The former Labour cabinet minister was incandescent with rage. We bumped into each other last week. Once greetings had been exchanged, and before I could say anything, she asked what I thought of The Guardian. Consumed as I was by thoughts of press regulation – as we spoke, last-minute negotiations were taking place between the main parties to try to reach agreement on a Royal Charter – I assumed she meant where it stood on Leveson.
I was puzzled as to why she would be so angry – normally she and The Guardian would be of one mind. She cut me off. What was provoking her fury was the decision to release the US National Security Agency (NSA) material leaked by Edward Snowden. “Since when,” she asked, “have [The Guardian editor] Alan Rusbridger and his colleagues been experts on national security? On what basis do they know whether something is safe to publish or not safe?” She said she preferred to heed the views of the security services on that matter – and she noted the MI5 chief had accused the newspaper of doing “enormous damage” to Britain’s ability to combat al-Qa’ida.
What was striking was her anger. It’s easy to assume that years of service in Whitehall had got to her, that she was an insider furious at what she deemed to be an outsider’s irresponsibility. Hours spent in meetings, listening to senior officials issuing dire warnings and studying papers covered in legal notices, had clearly addled her brain. In her former radical, pre-government, pre-establishment life, she would have been up for The Guardian publishing – of course she would.
Now, though, she is older and wiser, and able, as she did, to hurl the words “sixth-form” in The Guardian’s direction. There was also a discussion about male “willy-waving” – she accused Rusbridger and co of being fixated on quantity, not quality; that they seemed keen to show-off just how much of the stuff had come into their possession as opposed to what it contained. I admit to having been taken aback. I studied her closely. Her annoyance appeared genuine; if she was acting and hyping, she was convincing. Would I have done the same if I’d been in Rusbridger’s position? Fortunately, just then, she got dragged away – the speeches at the party were about to begin.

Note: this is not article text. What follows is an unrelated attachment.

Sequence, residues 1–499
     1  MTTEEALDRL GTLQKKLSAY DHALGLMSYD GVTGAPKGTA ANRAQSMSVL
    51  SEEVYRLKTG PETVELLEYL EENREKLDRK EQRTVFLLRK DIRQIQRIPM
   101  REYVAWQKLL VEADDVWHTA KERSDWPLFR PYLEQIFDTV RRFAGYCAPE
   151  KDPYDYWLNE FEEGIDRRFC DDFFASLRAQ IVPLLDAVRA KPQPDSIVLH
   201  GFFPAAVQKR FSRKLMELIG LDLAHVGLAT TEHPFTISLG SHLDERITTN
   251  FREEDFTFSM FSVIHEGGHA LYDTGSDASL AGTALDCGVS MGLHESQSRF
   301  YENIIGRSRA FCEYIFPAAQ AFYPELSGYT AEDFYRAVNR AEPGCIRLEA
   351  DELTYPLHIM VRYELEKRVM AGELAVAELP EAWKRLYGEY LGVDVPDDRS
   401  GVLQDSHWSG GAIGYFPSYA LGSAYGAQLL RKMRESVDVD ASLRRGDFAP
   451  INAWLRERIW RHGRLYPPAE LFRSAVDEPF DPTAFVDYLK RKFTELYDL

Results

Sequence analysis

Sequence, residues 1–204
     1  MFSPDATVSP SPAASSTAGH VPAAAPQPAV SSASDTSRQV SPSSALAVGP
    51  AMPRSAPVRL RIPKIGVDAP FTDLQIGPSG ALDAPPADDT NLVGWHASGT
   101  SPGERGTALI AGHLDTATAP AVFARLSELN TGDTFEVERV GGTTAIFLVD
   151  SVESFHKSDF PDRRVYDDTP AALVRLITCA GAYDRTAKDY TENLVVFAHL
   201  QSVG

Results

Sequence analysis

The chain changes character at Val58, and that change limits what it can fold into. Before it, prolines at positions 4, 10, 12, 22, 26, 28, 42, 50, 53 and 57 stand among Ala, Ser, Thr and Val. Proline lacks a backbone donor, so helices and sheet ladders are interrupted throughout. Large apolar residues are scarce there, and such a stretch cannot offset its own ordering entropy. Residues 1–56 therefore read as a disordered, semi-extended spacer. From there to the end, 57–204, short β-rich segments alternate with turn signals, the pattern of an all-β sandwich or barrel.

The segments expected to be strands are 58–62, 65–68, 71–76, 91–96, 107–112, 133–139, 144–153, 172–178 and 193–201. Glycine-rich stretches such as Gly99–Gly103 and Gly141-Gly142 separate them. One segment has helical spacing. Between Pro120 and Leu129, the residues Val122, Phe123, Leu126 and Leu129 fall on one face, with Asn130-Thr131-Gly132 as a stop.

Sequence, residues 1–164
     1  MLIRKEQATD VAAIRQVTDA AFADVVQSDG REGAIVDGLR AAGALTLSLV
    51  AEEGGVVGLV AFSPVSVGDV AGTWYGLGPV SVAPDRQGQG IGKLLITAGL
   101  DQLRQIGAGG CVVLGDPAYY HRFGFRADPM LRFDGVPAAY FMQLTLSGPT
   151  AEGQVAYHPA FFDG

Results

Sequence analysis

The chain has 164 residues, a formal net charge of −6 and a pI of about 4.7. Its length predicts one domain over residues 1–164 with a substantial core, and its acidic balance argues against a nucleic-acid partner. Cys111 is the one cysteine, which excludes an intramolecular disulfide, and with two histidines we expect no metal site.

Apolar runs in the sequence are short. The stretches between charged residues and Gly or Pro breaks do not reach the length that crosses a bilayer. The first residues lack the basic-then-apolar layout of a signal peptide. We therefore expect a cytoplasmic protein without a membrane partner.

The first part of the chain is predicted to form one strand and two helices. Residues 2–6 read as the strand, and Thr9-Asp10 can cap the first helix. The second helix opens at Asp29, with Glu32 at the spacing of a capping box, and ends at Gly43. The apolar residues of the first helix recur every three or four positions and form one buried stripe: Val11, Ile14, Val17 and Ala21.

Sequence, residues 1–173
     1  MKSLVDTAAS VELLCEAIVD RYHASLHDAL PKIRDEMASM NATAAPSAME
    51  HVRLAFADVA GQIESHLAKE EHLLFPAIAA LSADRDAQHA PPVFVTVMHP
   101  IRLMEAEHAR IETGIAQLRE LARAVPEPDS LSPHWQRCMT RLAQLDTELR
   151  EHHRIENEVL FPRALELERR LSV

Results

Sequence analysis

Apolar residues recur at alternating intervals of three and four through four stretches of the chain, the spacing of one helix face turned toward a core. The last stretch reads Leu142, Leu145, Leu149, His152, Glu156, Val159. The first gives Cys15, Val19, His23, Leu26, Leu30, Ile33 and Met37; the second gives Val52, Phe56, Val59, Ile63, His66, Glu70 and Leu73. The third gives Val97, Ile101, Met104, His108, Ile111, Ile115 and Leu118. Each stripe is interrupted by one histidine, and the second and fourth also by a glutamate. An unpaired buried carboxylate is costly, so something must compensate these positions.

As a teenager, I was transfixed by All the President’s Men; revelled in the dark psy-ops of Colin Wallace in Northern Ireland; read extensively about the US authorities’ efforts to suppress the Pentagon Papers leaked to the New York Times reporter Neil Sheehan; and found his subsequent brilliant book A Bright Shining Lie about the US peddling untruths in the Vietnam War an affirmation of everything that I imagined.
As a journalist, I’ve done investigations and uncovered scandals; and experienced the difficulty of discovering even innocuous details in our supposedly open and liberal country . I can never forget, at this newspaper, covering the Scott inquiry into arms to Iraq, in 1996, and listening to the claim that this would be the first occasion the evidence given to a study of this nature would be released on CD. Excitedly, I put the CD into the slot in my terminal. The pages were there, but blank: great swathes of text had been redacted.
As a reporter in the House of Commons, I learned to study every official report closely – and examine why one word had been chosen and not another, and wonder what had been left out. I’m cynical about officialdom, having seen too many cover-ups and appalling injustices carried out in our name.